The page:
Honor Code: Respected or Irrelevant?


 Art by Zander Asplundh

“There’s a power that lies within the Honor Code for students,” argued Dean Cardwell. We just don’t always recognize that power for what it’s worth. Connecticut College students tend to imagine the Honor Code simply as a set of rules, while in reality it provides a set of responsibilities to integrity, civility, and respect for the community. This distinguishes it from the Student Code of Conduct, which covers alcohol and illicit drugs as well as social functions policies.

Dean Cardwell, Associate Dean of Student Life, serves as an adviser to the Honor Council and plays a big role in how the Honor Code is enforced on campus. She argues that the Honor Code cannot be considered only in terms of its violation. The Honor Code provides the students at Connecticut College with a number of perks: self-scheduled exams, shared governance and even leaving your laptop at a table in Shain Library while you grab a bite to eat at the dining hall.

Although faculty and staff are held to certain standards, they are not charged with signing the Honor Code and therefore do not have a strong sense of familiarity with its content or the Honor Council process. According to both Dean Cardwell and Honor Council Chair Hilary Nigrosh ’14, this might be a contributing factor to a decrease in the number of academic integrity violation reports. In the fall semester of 2012, there were 20 academic integrity cases, whereas at this point in the Fall 2013 semester, there have only been four cases. Unfortunately, neither Dean Cardwell nor Nigrosh believe that this means there are fewer violations. Rather, Nigrosh cites a lack of reporting from both faculty and students.

Faculty members often do not report violations due to a perceived lack of evidence or a lack of understanding about the Honor Council process and its importance to student life. Nigrosh stresses that this is in violation of the faculty handbook: “The protocol is: if you are made aware of an academic integrity violation, whether it’s through your own knowledge or through someone coming to you, you must report it to Dean Cardwell.” There have been efforts to inform the community about the Honor Code, and some members of the faculty and staff have expressed interest in signing the Honor Code in order to strengthen the College’s sense of community.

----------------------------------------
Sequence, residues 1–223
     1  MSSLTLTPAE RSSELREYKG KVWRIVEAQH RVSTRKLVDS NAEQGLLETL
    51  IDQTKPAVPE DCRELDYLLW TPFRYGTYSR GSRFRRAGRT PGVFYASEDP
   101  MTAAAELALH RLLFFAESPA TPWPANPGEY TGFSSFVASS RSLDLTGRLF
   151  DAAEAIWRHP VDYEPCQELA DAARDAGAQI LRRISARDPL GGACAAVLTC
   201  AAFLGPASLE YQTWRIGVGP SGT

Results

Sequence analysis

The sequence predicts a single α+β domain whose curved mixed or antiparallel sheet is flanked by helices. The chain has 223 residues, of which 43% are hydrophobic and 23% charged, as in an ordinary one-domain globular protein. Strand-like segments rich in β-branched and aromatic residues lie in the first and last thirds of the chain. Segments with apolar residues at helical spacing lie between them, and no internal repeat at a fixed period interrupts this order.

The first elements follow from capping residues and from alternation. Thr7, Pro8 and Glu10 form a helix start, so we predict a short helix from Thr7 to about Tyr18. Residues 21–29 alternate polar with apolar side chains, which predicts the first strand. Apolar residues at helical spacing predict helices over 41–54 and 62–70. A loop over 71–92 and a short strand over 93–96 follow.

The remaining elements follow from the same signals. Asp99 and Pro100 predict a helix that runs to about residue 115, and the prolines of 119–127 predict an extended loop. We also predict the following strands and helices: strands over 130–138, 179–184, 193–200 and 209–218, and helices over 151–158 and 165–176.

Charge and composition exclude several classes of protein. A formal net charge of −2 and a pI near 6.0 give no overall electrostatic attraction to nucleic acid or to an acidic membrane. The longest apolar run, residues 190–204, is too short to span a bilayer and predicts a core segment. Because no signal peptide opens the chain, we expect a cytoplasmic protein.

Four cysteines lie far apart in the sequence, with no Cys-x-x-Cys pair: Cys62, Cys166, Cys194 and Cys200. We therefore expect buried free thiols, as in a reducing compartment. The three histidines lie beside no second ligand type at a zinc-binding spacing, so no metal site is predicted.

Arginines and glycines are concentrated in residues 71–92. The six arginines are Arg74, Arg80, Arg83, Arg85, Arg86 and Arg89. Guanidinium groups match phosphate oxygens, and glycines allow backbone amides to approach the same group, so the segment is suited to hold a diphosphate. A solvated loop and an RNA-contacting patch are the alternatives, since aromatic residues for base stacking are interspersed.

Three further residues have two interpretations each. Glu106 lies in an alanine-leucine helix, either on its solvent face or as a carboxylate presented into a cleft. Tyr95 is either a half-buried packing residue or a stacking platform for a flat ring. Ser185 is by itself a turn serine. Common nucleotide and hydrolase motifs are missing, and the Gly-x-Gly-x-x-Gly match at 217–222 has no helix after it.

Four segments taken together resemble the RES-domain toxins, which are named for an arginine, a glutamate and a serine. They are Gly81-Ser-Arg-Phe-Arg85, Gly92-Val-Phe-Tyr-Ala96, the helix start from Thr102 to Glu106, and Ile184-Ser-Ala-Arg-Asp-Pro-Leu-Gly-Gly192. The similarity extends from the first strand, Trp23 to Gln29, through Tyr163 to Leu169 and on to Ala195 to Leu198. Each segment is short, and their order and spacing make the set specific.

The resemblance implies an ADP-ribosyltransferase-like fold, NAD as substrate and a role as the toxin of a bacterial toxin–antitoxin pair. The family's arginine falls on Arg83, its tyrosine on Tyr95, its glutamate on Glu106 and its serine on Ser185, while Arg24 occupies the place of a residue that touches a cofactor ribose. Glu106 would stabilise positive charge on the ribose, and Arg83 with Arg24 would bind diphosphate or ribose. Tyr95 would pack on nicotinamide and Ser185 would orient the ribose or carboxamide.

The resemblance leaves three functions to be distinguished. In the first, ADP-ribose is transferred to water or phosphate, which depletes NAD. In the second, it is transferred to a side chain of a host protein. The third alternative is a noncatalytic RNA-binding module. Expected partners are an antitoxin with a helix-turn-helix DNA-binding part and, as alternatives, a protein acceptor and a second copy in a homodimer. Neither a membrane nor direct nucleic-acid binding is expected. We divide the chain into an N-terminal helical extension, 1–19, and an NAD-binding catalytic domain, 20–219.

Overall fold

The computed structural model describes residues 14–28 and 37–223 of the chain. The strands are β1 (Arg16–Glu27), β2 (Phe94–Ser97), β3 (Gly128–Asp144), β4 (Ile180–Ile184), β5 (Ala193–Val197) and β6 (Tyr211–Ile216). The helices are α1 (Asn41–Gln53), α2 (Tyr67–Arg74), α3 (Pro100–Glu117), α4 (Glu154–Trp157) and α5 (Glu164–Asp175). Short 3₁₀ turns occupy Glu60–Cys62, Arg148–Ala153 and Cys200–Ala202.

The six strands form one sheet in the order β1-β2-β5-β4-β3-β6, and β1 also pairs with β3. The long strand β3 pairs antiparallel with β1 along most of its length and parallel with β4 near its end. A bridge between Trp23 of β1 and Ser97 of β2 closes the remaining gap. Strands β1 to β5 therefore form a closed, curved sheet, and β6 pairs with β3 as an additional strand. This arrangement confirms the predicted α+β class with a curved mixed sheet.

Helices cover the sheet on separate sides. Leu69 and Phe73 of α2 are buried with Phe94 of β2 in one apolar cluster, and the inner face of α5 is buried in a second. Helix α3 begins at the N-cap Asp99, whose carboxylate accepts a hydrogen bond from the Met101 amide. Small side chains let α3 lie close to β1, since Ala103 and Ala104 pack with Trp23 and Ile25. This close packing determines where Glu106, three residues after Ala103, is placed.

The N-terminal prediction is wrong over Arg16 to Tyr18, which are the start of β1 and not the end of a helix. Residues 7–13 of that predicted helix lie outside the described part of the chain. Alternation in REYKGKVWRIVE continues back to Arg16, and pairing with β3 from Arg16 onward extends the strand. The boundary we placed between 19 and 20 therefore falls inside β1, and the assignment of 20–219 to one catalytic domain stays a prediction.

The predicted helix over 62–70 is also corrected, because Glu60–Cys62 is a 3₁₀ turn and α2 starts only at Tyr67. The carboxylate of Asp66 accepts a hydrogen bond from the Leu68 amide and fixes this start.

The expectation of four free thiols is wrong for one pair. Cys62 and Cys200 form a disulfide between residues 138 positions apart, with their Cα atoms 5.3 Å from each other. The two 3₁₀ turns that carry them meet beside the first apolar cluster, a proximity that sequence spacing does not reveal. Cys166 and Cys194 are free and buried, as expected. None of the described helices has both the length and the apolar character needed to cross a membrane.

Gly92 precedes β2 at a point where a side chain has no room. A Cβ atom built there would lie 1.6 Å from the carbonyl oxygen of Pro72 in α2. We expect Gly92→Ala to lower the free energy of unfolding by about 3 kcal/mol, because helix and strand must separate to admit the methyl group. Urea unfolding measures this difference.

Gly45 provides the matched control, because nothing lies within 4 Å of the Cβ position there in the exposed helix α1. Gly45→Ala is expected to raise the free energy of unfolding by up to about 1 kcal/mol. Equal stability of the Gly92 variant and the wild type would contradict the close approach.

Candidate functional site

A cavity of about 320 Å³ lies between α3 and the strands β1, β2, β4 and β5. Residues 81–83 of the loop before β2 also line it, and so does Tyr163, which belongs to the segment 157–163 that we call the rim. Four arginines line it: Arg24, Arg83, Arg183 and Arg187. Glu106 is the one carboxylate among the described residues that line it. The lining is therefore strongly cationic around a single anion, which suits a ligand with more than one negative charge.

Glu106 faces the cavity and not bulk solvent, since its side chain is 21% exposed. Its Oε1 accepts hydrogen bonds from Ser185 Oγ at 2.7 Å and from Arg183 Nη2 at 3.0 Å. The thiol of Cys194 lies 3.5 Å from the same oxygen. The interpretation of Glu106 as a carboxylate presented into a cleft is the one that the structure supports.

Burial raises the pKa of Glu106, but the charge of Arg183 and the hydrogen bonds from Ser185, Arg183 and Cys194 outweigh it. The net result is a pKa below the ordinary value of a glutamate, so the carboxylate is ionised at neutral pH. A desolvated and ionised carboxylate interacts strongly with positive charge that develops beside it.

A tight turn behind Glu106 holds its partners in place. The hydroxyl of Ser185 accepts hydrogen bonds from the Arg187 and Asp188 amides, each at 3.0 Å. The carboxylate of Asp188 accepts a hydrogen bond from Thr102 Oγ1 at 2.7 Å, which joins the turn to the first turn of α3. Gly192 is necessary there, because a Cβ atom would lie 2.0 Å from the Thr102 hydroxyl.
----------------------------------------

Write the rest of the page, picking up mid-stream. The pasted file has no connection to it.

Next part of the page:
In terms of reporting by students, there seems to be a strong desire to be able to report Honor Code violations anonymously. A questioned raised by the Honor Council, arguably the people on campus most familiar with the Honor Code, is whether or not anonymity would undermine the concept of “peers holding peers accountable.” During a hearing, there is an opportunity for the complainant and respondent to ask each other questions as well as a policy of confidentiality, so students should feel safe reporting their peers for violations.

Nigrosh added “[as students] it’s our responsibility under the Honor Code to report violations,” regardless of convenience or the amount of evidence. It is the job of the Honor Council to find a student responsible for upholding to honor code or responsible for violating it. The Honor Council, according to Dean Cardwell, exhibits fair judgment in weighing the facts of cases and determining disciplinary action.

While reports of academic integrity violations may be lower than usual, Nigrosh noted that there has been an increase in the number of students reporting their peers or reporting themselves in regards to vandalism. The Student Government Association held a campaign last year in which commonly vandalized parts of campus – notably light fixtures and paper towel dispensers – were labeled with their specific cost of repair. Students therefore had no choice but to confront the literal price of disrespecting the campus space. The extent of the influence of SGA’s campaign on vandalism cases is unknown, but at least peers are holding each other accountable.

The Honor Code is an additional forum on campus that combines the social and academic aspects of Connecticut College, though it is often either thrown into conversation as a half-joke or limited in the thoughts of students to a few perks or punishments. Throughout the course of my four years at Conn, I have seen the extent to which it impacts our every day lives. It fosters a respectful community here in our little bubble. Without the Honor Code, there would be at best a very weak sense of shared governance. As students, we need the Honor Code to have the confidence to shape our community— to make it a better and more just place for the present and the future. •


One thought on “Honor Code: Respected or Irrelevant?

  1. Ryan Friend

    Great, well written article. As a freshman at Conn it can become very difficult understand how people should be acting when giving such freedoms over exams and tests. The idea is that students can self-govern and in recent years I’ve heard that it simply has’t been as relevant. Here’s to hoping it makes a comeback.


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